4 Mammogram Myths
Knowing the truth about mammograms could help save your life, or the life of someone you love. Over 60% of breast cancer cases are diagnosed before they spread. Nearly 90% of women who find and treat their breast cancer are cancer-free at five years. Mammograms can help reduce the number of deaths from breast cancer among women ages 40 to 70.
Myth: Mammograms don’t help.
Truth: Regular mammograms are the best tests doctors have to find breast cancer early, sometimes up to three years before it can be felt.
Myth: Mammograms cause cancer.
Truth: Mammograms utilize very small doses of radiation—it’s like getting an x-ray.
The risk of harm is extremely low. Thanks to technology, radiation doses in mammography have consistently decreased with time while consistently increasing in accuracy. The benefits of detecting and treating something that is life-threatening far outweigh the extremely small potential of harm from radiation exposure.
Myth: Mammograms are inaccurate.
Truth: Although they are not perfect, mammograms are the best tool we have in early detection. Overall, when cancer is present, mammograms are about 80% effective in identifying it. It is possible to get a false-negative result (when a mammogram misses a cancer that is present). Although this happens about 20% of the time, repeated and regular screenings reduce this percentage. It is also possible to get a false positive result (when a mammogram indicates the presence of cancer where there is none present). These results usually require follow-up with additional testing and most women called back for this additional testing do not have cancer.
Myth: Mammograms are painful.
Truth: Everyone’s pain threshold is different, but the compression involved in a mammogram is more often described as temporary discomfort. It’s necessary to ensure that everything can be seen clearly on a mammogram. It could be unpleasant for a few moments, but it’s a small tradeoff for living cancer-free, or catching breast cancer early and fighting it successfully. It may also help to know that your breasts may be more sensitive if you are about to get or have your period—so you may want to schedule your routine mammogram in the middle of your cycle.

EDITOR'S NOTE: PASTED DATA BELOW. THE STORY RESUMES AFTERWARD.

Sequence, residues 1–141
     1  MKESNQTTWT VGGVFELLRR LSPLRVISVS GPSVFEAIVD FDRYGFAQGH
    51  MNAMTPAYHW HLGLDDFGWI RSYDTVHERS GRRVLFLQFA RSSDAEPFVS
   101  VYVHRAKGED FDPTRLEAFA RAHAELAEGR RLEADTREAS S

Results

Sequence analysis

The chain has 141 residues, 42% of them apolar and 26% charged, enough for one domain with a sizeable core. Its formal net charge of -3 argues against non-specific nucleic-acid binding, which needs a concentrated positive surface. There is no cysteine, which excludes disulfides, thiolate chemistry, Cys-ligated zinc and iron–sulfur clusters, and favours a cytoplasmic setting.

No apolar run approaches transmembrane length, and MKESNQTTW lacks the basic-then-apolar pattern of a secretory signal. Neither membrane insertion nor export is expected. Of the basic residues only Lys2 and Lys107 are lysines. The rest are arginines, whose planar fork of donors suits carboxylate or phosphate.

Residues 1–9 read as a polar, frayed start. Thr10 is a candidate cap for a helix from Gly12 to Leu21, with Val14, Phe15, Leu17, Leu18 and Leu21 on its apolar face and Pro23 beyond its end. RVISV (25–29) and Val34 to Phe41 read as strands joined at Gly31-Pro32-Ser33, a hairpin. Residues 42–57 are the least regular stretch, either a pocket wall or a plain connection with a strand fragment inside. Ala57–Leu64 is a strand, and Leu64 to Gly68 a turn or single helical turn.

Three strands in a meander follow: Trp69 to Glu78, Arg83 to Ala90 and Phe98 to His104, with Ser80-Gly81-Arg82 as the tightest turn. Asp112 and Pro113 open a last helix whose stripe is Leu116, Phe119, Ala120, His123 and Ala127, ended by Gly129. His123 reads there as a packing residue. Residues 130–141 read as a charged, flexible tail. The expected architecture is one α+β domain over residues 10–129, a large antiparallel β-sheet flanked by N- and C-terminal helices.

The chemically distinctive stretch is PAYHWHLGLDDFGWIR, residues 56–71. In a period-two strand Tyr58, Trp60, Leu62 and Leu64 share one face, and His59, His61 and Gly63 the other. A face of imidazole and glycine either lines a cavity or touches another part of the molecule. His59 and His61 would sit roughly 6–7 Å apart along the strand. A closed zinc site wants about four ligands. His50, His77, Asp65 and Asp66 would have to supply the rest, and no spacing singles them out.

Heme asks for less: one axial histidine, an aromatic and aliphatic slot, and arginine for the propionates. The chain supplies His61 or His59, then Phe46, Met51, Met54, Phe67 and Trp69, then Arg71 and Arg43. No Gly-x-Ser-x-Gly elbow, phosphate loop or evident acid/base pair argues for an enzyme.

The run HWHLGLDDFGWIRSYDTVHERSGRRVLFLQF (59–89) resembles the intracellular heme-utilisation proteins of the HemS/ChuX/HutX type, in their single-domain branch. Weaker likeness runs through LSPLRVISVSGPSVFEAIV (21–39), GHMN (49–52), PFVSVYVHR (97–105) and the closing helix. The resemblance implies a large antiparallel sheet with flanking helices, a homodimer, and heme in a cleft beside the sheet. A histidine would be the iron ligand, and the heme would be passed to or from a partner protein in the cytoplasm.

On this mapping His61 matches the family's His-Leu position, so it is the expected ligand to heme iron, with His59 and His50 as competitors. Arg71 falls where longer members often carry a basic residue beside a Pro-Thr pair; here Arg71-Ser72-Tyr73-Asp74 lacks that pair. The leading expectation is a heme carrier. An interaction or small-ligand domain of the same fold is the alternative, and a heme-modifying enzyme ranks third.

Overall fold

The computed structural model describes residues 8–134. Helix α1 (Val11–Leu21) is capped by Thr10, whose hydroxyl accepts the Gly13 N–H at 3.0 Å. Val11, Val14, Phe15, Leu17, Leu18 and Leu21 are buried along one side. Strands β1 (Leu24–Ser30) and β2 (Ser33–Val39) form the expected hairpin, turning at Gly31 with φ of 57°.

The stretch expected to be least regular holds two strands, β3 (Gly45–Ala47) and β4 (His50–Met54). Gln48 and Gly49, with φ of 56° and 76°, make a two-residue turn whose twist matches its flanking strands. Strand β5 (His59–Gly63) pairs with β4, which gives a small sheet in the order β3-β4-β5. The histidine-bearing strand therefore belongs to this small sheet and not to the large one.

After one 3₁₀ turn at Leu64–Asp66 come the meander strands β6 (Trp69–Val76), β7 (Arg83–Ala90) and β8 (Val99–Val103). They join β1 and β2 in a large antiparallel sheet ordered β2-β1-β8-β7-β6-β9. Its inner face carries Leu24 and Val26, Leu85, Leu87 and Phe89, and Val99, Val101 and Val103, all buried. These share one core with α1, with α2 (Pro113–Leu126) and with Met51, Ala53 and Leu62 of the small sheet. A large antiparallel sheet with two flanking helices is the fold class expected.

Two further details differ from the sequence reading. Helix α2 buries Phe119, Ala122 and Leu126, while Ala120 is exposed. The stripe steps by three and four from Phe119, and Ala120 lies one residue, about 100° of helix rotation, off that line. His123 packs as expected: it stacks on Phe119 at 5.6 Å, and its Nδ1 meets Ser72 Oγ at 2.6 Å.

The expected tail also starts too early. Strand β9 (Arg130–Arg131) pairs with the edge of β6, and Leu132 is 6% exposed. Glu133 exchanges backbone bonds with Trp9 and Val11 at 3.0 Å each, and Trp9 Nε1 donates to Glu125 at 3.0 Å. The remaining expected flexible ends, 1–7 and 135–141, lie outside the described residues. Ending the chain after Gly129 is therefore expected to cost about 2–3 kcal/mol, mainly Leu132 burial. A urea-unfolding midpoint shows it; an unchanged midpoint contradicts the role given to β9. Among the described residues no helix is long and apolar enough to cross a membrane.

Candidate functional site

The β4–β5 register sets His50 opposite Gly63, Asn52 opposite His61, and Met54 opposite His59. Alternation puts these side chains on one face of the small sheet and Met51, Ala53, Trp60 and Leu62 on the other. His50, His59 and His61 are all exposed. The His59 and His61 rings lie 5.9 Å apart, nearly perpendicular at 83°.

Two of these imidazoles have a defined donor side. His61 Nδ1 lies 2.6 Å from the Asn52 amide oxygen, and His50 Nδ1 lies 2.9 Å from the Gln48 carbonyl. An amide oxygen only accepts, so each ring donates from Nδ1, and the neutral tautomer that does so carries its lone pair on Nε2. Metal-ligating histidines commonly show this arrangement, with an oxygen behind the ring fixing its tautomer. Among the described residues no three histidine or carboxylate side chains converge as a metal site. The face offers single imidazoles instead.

Know before you go
- Knowing how to prepare for your mammogram can help ease your mind and speed the process.
- Don’t wear deodorant, perfume, lotion or powder under your arms or on your breasts on the day of your exam. Foreign particles could show up in an x-ray.
- Only get a mammogram at facilities certified by the FDA or one of its state counterparts. This ensures the staff is trained and you’ll receive quality treatment. There were 8,675 MQSA-certified facilities as of April 2013, and 38,619,078 mammograms have been performed at these sites. You can find a site by visiting www.fda.gov/findmammography.
- Let technologists and staff know if you have breast implants. They may need to take more pictures than a regular mammogram.
- You have the right to a written report of the results within 30 days of receiving a mammogram, as well as the original mammogram x-ray pictures. Call if you don’t get your results, don’t assume everything is normal.
- Bring prior mammograms or have them sent to the center if possible.
- Tell the clinic if you have physical disabilities that may make it hard for you to sit up, lift your arms, or hold your breath.
The Food and Drug Administration Office of Women’s Health works to protect and advance the health of women through policy, science, and outreach. Learn more at www.fda.gov/womens
Surveillance Epidemiology and End Results (SEER), National Cancer Institute. Data from 18 SEER regions from 2002-2008.
American Cancer Society. Breast Cancer Facts & Figures, 2011-2012.
Mandelblatt JS, Cronin KA, Bailey S, et al. Effects of mammography screening under different screening schedules: model estimates of potential benefits and harms. Annals of Internal Medicine 2009;151(10):738-747.
Centers for Disease Control & Prevention, 2012.
U.S. Food & Drug Administration. Trends in Mammography Dose and Image Quality, 1974-2009.
National Cancer Institute, 2012.
U.S. Food & Drug Administration, MQSA National Statistics, 2013.